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Today, I baked a couple of boules of San Joaquin Sourdough. The dough was 75% hydration. I used Guisto's Baker's Choice flour and 10% KAF White Whole Wheat. 


I baked the boules on a stone with my usual steaming setup. However, I poured more boiling water than usual over the hot lava rocks, because I wanted to see the effect of heavier steaming. As I had suspected from previous bakes, the effect was good oven spring and bloom but reduced grigne and a shinier crust.


The flavor is good, but I do think I prefer the rye over white whole wheat in this bread.




 


By the way, this dough makes very satisfactory pizza too.



Pizza made from a previous batch of dough, frozen for about a month.


David

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dmsnyder

 


This bread is based on the Italian Bread formula in Peter Reinhart's “Bread Baker's Apprentice.” I substituted a biga naturale (sourdough starter) for the biga made with instant yeast in Reinhart's formula. I still added the instant yeast to the final dough to provide more predictable fermentation and proofing times.


Reinhart recommends this formula for hoagie rolls. I divided the dough to make 4 rolls scaled to 4 ounces each and shaped the remainder of the dough into one large bâtard.


I also employed the “stretch and knead in the bowl” technique during bulk fermentation, even though I used a KitchenAid mixer for mixing beforehand.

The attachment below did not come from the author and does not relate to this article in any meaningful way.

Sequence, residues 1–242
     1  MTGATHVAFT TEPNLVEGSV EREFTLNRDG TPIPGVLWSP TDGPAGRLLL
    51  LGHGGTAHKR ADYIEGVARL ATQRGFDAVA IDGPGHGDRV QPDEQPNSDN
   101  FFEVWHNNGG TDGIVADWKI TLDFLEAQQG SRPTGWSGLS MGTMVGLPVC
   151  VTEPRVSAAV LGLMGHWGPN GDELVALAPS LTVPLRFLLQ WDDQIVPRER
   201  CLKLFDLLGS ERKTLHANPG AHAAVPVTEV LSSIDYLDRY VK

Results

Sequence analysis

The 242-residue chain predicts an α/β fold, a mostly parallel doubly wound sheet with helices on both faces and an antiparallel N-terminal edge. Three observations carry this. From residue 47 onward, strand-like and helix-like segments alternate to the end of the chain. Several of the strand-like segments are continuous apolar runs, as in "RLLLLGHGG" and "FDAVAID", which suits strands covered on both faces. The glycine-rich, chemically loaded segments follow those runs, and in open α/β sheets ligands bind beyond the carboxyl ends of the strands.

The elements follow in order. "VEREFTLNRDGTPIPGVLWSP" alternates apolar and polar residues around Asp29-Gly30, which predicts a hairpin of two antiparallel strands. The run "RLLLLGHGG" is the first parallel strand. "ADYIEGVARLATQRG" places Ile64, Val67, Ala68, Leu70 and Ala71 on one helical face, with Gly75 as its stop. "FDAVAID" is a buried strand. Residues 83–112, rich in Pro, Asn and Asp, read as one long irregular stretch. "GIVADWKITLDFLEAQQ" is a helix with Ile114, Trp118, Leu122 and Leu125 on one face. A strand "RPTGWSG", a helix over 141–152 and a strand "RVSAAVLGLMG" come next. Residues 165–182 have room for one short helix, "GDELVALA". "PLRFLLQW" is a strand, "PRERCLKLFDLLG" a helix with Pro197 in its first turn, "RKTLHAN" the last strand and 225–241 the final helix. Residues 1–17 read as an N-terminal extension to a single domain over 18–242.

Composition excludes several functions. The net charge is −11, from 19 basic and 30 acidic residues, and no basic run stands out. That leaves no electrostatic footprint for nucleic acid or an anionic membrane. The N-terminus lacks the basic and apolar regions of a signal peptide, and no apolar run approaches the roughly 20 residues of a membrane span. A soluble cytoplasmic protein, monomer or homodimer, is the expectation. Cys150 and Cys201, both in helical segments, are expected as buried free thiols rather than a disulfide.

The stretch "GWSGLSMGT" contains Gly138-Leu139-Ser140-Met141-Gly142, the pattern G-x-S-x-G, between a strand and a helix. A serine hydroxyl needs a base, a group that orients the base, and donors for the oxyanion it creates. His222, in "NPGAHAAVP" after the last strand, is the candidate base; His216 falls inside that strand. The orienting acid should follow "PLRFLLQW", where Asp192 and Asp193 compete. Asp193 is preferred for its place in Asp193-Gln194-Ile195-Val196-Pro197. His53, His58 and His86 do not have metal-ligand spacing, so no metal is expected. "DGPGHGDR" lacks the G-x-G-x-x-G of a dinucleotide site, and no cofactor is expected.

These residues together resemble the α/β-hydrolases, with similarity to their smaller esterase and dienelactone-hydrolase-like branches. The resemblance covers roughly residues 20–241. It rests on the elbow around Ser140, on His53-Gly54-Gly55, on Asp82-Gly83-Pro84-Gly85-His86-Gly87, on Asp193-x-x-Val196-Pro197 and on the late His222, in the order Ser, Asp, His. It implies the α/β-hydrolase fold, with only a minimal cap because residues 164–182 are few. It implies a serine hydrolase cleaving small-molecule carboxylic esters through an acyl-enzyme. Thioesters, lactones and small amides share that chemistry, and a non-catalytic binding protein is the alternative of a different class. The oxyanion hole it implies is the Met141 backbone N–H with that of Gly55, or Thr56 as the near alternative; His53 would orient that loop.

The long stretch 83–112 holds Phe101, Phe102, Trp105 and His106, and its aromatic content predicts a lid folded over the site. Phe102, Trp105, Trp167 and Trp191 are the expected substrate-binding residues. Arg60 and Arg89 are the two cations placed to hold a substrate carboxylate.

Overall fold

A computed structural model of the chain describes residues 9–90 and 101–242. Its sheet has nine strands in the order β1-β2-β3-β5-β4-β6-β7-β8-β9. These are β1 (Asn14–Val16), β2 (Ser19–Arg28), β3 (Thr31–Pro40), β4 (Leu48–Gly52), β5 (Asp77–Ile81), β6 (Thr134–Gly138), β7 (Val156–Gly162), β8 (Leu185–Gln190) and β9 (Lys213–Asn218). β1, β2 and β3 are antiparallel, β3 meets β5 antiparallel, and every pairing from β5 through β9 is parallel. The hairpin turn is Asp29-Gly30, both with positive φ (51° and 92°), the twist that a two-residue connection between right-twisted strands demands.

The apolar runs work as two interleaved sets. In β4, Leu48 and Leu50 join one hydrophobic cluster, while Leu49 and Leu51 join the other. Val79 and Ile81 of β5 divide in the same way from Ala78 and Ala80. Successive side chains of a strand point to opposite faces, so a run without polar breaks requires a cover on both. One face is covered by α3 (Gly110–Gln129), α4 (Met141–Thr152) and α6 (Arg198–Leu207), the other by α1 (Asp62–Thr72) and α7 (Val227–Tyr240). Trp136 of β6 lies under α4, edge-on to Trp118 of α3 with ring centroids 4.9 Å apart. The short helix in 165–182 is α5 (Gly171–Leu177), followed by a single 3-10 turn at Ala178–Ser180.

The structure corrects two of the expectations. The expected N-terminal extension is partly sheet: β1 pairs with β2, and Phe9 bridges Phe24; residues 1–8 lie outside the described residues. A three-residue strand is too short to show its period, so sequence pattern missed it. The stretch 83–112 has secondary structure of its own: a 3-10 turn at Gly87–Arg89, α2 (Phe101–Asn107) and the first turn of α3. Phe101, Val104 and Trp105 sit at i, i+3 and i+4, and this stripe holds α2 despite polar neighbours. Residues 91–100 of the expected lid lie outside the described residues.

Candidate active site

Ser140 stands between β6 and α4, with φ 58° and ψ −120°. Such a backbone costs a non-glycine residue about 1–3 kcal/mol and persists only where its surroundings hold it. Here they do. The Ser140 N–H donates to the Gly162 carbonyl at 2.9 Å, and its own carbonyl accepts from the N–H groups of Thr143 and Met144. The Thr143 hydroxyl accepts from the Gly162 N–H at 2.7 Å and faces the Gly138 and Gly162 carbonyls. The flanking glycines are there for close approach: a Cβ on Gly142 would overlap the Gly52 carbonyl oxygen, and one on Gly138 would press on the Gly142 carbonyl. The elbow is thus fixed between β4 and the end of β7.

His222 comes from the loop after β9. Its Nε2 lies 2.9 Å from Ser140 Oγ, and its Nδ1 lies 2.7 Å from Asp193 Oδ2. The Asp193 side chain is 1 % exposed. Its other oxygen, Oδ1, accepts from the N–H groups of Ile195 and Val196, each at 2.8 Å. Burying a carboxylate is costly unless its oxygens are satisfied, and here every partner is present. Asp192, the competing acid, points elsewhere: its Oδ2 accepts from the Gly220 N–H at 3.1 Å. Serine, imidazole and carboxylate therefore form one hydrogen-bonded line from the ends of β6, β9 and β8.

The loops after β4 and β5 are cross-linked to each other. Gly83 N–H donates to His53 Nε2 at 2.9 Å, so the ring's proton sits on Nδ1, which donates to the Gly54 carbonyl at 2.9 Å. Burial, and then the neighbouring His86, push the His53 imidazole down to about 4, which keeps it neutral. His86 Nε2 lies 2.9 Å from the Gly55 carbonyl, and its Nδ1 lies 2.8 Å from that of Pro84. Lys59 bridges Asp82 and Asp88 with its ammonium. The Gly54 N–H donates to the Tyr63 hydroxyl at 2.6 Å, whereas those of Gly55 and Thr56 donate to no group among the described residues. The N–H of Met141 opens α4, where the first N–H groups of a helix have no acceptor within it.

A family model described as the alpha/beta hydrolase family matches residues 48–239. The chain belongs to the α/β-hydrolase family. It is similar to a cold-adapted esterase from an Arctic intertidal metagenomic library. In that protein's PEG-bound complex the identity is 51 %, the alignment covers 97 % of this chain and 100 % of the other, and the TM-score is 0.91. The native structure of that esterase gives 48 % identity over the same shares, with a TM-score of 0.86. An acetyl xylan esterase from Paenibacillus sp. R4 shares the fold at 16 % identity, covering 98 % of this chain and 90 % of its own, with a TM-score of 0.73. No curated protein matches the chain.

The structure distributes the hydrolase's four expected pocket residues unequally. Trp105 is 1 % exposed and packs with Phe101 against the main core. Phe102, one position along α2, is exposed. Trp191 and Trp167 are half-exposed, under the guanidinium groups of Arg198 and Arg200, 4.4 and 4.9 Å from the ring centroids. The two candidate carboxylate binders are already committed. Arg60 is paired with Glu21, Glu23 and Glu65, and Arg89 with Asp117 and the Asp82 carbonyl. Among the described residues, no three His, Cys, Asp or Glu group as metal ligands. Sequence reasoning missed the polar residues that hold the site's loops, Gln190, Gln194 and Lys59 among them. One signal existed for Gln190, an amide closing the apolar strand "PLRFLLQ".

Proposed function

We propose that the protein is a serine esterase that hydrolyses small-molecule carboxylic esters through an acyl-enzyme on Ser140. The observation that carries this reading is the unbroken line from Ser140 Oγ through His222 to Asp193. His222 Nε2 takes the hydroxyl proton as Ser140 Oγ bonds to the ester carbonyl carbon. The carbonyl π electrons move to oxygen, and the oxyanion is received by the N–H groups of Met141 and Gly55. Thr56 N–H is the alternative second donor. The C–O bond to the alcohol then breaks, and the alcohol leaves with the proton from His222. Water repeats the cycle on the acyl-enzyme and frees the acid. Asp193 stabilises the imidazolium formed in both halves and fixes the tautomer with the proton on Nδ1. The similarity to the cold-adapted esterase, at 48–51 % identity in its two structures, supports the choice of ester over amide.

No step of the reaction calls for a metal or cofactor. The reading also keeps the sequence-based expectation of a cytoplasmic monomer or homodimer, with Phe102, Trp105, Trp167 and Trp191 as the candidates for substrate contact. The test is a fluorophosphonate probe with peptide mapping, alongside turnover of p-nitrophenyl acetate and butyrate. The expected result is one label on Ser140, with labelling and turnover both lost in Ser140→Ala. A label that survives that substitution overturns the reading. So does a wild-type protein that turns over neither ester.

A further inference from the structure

Intermediate starter (Biga naturale)


Active starter

3 oz.

Water

9 oz.

KAF Bread flour

12 oz.

 

Final Dough

Biga naturale (Note: save the remaining 6 oz. for another bread.)

18 oz.

KAF Bread flour

11.25 oz.

Salt

0.41 oz. (1-2/3 tsp)

Sugar

0.5 oz. (1 T)

Instant yeast

0.11 oz (1 tsp)

Diastatic barley malt powder

0.17 oz. (1 tsp)

Olive oil

0.5 oz (1 T)

Water at 80F

7 oz (¾ cup)

Sesame seeds for coating.

Semolina to dust the parchment paper.

 

 

Mix and ferment the biga.

Mix the biga naturale the evening before baking. Dissolve the starter in the water in a medium sized bowl, then add the flour and mix thoroughly to hydrate the flour and distribute the starter. Cover the bowl tightly and allow to ferment for 3-6 hours, until it doubles in volume. Refrigerate overnight.

The next day, remove the biga from the refrigerator and allow it to warm up for an hour or so. Alternately, mix the biga late at night and ferment at room temperature overnight.

 

Mix the dough